The style of Descombes is definitely “serious”. Today, many Beaujolais crus (meaning those with a specific village name indicated, such as Morgon) are definitely serious in terms of fruit concentration, aromas and a more or less “Burgundian” character, and free from the Beaujolais Noveau-like notes of candy flavoring. However, many of the Beaujolais producers that have become popular in recent years produce wine in a style where the youngest vintage is quite drinkable. The wines of Georges Descombes are more suited for cellaring, at least the Vieilles Vignes wines.
Some 2011s and a 2010 from Descombes
As a reference, we got to taste some wines from 2011 and 2010, none of which were of sale right now. (Two of them I tasted last year.)
2011 Morgon (the young vine version, not Vieilles Vignes)
Nose with blueberries, ripe cherries, notes of dark berries, smoke, slightly herbaceous. Juicy palate with cherries, some blueberries, good acidity, some mineral. Fresh style with some structure, can be consumed now, but could also be cellared for a number of years. 88 p. (I notice that I scored it 87 p last year and perceived the fruit notes as a bit more on the red side, i.e., less dark than this time.)
2011 Morgon Vieilles Vignes
Smoky nose with some animal notes, cherries, and liquorice. Here we also find notes that give a clearly Burgundian impression with “Pinosity” and complexity. Juicy palate with cherries, some tannins, noticeable minerality and good acidity. Rather young, could develop more, 89(+) p.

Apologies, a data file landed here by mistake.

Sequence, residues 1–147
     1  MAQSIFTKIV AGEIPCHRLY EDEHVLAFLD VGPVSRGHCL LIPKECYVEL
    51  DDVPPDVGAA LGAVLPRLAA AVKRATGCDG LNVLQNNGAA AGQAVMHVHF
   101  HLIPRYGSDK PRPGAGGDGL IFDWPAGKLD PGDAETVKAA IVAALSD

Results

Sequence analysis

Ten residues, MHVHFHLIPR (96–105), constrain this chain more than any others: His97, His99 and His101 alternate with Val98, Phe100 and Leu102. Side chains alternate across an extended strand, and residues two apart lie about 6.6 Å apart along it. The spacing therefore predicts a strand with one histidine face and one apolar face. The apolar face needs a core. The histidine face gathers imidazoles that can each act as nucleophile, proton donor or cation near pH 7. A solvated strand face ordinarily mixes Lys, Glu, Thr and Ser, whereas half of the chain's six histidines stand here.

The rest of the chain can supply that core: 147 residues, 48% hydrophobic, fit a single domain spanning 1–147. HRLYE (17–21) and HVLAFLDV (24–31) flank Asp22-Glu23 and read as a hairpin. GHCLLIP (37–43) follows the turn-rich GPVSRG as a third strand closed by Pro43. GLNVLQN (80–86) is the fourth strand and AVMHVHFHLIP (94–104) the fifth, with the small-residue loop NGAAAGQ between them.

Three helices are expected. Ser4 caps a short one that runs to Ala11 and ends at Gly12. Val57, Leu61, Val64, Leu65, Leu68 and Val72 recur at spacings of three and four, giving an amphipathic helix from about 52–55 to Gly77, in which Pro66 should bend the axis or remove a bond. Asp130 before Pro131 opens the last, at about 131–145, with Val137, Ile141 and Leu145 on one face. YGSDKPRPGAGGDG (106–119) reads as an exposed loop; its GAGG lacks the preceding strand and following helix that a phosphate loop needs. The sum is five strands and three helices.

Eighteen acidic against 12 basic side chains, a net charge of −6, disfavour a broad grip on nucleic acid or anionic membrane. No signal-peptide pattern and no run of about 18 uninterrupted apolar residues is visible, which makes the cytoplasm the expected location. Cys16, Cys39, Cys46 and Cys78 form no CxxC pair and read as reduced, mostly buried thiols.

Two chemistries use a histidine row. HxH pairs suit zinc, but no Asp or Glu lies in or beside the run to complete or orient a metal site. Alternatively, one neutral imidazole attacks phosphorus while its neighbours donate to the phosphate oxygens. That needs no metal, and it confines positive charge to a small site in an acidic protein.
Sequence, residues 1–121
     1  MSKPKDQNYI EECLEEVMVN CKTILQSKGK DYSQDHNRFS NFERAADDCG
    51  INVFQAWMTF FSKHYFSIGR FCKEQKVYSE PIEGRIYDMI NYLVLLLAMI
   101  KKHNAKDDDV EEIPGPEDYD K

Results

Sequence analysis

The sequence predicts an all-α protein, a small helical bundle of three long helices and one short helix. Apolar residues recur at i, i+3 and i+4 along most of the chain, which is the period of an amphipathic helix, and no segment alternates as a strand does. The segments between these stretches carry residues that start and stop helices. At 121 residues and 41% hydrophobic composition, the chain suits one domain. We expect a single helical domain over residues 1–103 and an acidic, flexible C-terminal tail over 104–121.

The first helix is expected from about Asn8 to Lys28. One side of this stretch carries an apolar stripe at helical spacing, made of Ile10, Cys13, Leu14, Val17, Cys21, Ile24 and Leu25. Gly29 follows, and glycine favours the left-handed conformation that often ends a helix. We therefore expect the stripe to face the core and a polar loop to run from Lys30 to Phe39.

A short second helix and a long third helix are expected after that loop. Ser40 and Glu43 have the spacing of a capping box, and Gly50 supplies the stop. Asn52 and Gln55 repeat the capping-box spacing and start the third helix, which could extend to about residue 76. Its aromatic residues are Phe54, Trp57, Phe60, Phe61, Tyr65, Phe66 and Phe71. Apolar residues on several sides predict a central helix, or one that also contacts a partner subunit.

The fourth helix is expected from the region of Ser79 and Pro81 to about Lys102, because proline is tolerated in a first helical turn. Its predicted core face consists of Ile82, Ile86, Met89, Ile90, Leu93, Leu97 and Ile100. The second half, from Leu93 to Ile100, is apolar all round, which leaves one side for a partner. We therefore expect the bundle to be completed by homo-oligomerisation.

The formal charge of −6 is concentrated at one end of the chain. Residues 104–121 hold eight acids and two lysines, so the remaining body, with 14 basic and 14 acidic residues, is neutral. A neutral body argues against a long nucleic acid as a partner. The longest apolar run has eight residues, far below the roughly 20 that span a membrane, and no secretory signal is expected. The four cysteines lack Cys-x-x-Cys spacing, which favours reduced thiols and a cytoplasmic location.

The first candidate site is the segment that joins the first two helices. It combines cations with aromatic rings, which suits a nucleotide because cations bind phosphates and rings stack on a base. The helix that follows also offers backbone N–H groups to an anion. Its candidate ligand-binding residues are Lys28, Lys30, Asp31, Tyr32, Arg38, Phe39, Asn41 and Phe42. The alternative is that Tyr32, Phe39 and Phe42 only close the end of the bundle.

Here, the difference between the wine produced from young vines and the one produced from older vines plus oak was quite noticeable, despite the same appellation (Morgon) and the same vintage. If the 2012 will develop the same Pinosity with cellaring, there’s a potential upside to the score.
2011 Régnie Vieilles Vignes
Nose with cherries, some animal notes, slightly flowery, some liquorice, and slightly smoky. A certain similarity to the 2011 Morgon VV, because here we also find Burgundian vibes. Juicy palate with mineral, cherries, good acidity, some tannins, and a noticeable minerality in the aftertaste. Rather young, 89(+) p. (Last year I also noted the minerality and scored it 89 (+) p.)
This Régnie VV comes across as in a bit less need of cellaring than the Morgon VV, just as was the case with the 2012s.
2010 Morgon Vieilles Vignes
Nose with cherries and red berries, some meat juice and other animal notes, mineral, some developed character. Palate with cherries, red berries, noticeable acidity, mineral, and some tannin. Still rather young, 88(+) p.
Comes across as more firm and less juicy than the 2011s. Although there are noticeable developed notes in the nose, I’d say that 2010 should be cellared longer than the 2011s, when the acidity is factored in.
Some final words on the bottles and labels of Descombes. The labels with some red lettering and a bit of “writing style” to the text, are found on the bottles produced from younger vines, and they are basically steel tank wines with no oak. The black-and-white lables with more regular print letters, are found on wines produced from older vines, vieilles vignes, and they are raised in oak. This fact can be confirmed by turning the bottle and inspecting the back label. The back label is absent from the young vine versions. In previous vintages, I’ve also seen an oval label, and that label also signifies older vines. The vieilles vignes bottles are sometimes found with a wax capsule, and sometimes with a regular foil, but this different doesn’t really mean anything in terms of wine quality.